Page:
– Too much or too little – The last theory has to do with how we drink wine. Regardless of wine color, amount of sulfites, tannins, etc., and potential allergies, drinking too much wine will give you a headache. In line with this, some claim that the reason Europeans or Americans traveling in Europe don’t get RWH is that they drink their wine slowly over the course of a hearty delicious meal, minimizing or eliminating the adverse affects of drinking red wine too fast and with too little food in your stomach.
There is a wealth of information regarding sulfites and wine headaches on the Internet. You also can do some experimenting yourself with different wines. If you do have reactions, it may not be to all wine and there are plenty of different varieties and options. Find the ones that work for you and stick with them or take your cue from the Europeans and linger over a great glass of red wine and a good healthy meal. Who, knows? You may be able to say arrivederci, au revoir and good riddance to your RWH.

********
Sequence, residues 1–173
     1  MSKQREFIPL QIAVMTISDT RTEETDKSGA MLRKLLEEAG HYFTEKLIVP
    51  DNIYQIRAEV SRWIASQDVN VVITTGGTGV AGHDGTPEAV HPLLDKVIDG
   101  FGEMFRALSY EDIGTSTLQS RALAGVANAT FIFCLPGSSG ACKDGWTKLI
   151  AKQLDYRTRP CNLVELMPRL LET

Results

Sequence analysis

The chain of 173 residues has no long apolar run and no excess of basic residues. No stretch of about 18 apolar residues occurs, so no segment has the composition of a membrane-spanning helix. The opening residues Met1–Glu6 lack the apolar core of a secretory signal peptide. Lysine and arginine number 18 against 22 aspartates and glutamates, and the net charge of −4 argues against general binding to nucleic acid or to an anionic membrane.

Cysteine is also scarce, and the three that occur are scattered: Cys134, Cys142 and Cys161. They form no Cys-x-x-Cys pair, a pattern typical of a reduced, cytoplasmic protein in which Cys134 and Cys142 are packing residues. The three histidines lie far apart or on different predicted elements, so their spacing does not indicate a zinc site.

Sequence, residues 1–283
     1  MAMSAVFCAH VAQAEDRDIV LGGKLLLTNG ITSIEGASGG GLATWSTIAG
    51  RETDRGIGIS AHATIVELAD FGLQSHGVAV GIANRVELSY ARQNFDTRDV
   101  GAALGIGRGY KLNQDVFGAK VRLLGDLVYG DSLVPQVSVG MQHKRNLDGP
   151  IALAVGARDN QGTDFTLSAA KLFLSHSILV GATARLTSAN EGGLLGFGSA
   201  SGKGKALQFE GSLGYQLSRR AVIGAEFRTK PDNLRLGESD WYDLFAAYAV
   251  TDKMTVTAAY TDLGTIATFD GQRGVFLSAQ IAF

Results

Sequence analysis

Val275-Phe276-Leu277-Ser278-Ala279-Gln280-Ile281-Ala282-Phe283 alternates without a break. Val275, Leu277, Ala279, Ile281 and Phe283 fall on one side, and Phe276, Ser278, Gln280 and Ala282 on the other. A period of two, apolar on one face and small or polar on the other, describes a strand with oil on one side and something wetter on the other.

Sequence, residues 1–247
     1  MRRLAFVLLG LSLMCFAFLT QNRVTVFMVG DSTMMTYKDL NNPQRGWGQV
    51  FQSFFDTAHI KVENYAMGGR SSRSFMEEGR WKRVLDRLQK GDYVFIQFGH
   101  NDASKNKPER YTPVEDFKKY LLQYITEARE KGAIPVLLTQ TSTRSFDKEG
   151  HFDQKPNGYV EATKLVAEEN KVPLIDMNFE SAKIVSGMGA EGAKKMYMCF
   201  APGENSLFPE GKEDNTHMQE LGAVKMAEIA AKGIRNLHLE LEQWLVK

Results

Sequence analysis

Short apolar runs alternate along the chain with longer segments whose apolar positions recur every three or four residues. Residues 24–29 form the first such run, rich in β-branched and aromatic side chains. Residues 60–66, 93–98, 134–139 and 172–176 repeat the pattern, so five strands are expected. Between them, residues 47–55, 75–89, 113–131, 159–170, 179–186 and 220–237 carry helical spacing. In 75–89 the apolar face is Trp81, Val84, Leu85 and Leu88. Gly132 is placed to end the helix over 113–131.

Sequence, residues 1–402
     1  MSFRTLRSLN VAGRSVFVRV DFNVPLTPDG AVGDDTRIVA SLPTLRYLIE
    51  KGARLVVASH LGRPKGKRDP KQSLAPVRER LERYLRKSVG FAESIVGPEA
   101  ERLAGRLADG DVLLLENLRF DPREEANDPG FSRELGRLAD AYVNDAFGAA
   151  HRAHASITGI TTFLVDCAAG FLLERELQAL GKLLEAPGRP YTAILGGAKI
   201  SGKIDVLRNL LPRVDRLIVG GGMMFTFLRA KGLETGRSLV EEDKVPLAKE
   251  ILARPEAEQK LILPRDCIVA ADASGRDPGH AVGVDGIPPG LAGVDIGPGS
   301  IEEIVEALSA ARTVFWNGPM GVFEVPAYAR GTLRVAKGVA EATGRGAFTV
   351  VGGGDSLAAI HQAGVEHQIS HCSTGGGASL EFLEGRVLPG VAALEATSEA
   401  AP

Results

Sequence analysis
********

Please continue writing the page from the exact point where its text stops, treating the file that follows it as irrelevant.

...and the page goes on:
Check out these sites to learn more:
May 4th, 2012 by eileen in interesting facts
The California Wine Industry may have John Smith to thank for failing at the very first attempt to produce wine in the US. He happened to be in the wrong place – Virginia (bad conditions) – at the wrong time – 1607 (no technology.) A bit further west existed the perfect climate, terrain and conditions for making great wine. (more…)
April 14th, 2011 by jenn in interesting facts
Red wines account for 55 percent of all wine sales in US restaurants.
In honor of the upcoming Labor Day holiday, I would like to introduce (or re-introduce, for those of you already familiar) a few American grape varieties and the types of wines they make. (more…)
Ah, spring. ‘Tis the season to roll up your sleeves and start gardening – plant those petunias, prep your tomato posts, and perhaps begin on that compost pile you’ve been thinking about. A handy tip, for those who love a glass of cool wine after spending time in the hot sun: you can recycle natural corks in your own backyard. (more…)
April 28th, 2009 by robin in interesting facts
Today, April 28th, is Denim Day. The purpose of the day is twofold: to increase awareness and knowledge about sexual violence in Warren County, NJ and to raise funds for the Domestic Abuse and Sexual Assault Crisis Center. (more…)